Re:Verse passage –Luke 5:33-39 (day two)And they said to Him, “The disciples of John often fast and offer prayers, the disciplesof the Pharisees also do the same, but Yours eat and drink.” vs. 33
The Pharisees are in the weeds. Just a few verses prior to this passage they are complaining to Jesus about who he eats with, and here they are concerned with whether he eats. As is often the case in these exchanges these religious leaders they have missed the point entirely. This tactic is not unknown to us. If we find that we cannot argue from a strong position, we attack peripheral or petty things. We focus on shallow unimportant areas that don’t ultimately move anyone forward. The next time you feel the need to push back on someone consider your position first. Are you operating out of love, and does it ultimately matter. Otherwise you’re just in the weeds.
Join us as Senior Pastor Chris Johnson, Associate Pastor Aaron Hufty, and Associate Pastor Bryan Richardson walk us through Luke 5:33-39 in our Winter Re:Verse Series: “LUKE – Learning from the parables of Jesus.”
Unlike Paul’s epistles, James’ doesn’t end with a final greeting or prayers of thanksgiving. Rather, it ends very abruptly. It may seem strange as we read these two verses this week that this is the end, but we should not be surprised. This is par for the course given the style we have seen from James throughout the book. He is not afraid to get in your face and tell you like it is. Which is exactly how he challenges the readers to be. When you see your friend (day six) drifting in their faith, you go after them. You bring them back.
Why end here though? Why the abrupt stop? He stops because he wants to emphasize this one final command: a call to community. James recognizes that the Christian walk is not intended to be done alone. We need one another. We are BETTER when we are TOGETHER.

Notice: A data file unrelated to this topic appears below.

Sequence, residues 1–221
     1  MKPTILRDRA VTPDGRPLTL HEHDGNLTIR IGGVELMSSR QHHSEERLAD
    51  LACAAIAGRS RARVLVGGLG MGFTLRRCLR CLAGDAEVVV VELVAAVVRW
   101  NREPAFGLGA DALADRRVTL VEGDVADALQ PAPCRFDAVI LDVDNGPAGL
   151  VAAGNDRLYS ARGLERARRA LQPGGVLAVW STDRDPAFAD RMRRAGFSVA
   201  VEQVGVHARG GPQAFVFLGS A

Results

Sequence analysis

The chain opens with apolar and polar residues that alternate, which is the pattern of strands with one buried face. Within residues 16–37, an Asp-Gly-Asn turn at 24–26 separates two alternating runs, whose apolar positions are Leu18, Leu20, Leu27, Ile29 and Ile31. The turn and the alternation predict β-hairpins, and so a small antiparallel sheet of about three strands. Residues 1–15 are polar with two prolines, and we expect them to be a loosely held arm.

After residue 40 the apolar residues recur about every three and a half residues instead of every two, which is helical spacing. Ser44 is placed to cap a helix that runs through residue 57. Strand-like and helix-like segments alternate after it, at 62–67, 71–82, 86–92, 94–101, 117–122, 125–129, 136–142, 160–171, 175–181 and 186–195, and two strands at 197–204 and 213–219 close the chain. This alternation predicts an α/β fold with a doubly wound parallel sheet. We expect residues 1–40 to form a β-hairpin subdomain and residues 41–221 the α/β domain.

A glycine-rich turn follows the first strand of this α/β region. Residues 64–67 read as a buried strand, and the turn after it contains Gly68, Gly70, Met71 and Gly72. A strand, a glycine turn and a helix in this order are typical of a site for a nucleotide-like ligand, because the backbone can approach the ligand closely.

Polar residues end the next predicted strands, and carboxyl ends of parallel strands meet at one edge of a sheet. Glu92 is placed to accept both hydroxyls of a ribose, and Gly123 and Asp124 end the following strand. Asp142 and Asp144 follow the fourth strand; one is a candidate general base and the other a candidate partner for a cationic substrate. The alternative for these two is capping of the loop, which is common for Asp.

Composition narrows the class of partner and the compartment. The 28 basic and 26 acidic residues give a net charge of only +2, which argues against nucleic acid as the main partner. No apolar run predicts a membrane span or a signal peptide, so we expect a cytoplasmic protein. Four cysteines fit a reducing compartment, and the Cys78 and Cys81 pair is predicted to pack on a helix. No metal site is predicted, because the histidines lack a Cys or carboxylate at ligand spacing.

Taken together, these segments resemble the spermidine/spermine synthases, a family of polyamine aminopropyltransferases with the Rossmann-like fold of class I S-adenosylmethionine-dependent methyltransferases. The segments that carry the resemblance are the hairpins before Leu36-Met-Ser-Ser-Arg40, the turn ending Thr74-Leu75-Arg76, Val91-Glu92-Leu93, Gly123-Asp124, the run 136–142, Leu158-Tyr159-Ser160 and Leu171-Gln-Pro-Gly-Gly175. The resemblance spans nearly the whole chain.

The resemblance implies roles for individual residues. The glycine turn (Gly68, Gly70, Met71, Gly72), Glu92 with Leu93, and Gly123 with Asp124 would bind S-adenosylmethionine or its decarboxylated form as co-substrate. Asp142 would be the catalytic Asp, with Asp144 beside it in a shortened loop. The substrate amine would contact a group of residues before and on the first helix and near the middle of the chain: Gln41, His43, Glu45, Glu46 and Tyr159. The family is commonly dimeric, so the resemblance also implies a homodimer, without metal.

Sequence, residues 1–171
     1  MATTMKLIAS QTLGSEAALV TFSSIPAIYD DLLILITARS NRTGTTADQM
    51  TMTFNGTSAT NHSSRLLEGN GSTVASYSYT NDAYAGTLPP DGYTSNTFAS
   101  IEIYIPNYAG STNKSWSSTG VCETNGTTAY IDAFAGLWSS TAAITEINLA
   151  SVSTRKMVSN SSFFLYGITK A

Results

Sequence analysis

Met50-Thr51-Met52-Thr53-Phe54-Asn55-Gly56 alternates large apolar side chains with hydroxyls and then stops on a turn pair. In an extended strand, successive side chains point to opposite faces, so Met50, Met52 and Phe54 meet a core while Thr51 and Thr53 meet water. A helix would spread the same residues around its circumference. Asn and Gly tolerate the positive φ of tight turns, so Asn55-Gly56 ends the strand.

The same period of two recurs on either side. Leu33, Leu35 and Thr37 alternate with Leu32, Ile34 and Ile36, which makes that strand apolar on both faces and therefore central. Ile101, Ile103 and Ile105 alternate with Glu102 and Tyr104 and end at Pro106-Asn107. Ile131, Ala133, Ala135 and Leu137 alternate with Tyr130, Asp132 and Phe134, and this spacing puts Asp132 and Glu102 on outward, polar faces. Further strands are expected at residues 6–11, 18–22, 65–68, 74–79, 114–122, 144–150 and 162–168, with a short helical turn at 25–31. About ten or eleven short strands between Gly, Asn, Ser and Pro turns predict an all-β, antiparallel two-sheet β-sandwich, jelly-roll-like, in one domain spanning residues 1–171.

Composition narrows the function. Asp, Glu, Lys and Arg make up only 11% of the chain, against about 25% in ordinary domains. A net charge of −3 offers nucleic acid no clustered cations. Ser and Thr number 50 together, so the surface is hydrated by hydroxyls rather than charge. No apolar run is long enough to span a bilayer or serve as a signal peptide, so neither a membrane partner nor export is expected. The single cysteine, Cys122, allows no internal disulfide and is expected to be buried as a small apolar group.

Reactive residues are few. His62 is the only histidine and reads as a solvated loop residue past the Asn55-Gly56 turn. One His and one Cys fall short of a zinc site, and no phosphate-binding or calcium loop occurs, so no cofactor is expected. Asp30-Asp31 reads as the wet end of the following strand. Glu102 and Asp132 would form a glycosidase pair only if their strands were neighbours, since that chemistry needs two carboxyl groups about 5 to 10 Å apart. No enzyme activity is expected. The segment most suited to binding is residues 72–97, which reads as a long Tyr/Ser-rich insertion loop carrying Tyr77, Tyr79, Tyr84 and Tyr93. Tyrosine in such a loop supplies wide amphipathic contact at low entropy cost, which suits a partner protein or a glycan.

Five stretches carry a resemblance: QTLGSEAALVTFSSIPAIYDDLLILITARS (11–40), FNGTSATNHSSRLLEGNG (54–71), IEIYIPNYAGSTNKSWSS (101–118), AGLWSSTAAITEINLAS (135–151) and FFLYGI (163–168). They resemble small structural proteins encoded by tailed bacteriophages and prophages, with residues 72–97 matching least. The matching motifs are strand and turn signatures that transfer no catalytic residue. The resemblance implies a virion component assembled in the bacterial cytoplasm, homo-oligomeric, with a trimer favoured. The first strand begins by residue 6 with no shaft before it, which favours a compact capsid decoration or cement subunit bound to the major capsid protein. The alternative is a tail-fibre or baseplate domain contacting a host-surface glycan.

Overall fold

There is a kind of friendship where one will go after their friend if they have wandered off the path. This kind of friendship is responsible, careful, and present. There is a gentle strength to it, that you rarely find elsewhere. It is patient, but persistent. Willful but not overbearing. Life-giving rather than draining. Never afraid to say tough things, preferring to whisper when it does; harsh and loud rarely leads anyone back to safety.
This kind of friendship is a rare find indeed, but doesn’t have to be.
Like a gem, it is forged over time, with great intentionality, and God-centering pressure.
“My brethren, if any among you strays from the truth and one turns him back,” Does it make you uncomfortable to fathom that you might get “off track” in your faith?Have there been moments or seasons when you/we “strayed from the truth” in either doctrine or behavior? Part of God’s design for the Christian life is to live it in community- with other believers- to be vulnerable and transparent with one another. God uses other believers to encourage, correct, and restore faith. Has He done that to you?Through you?Do you have those kinds of believers in your life?If so, will you thank them?If not, will you find them?
“If either of them falls down, one can help the other up. But pity anyone who falls and has no one to help them up.” Ecclesiastes 4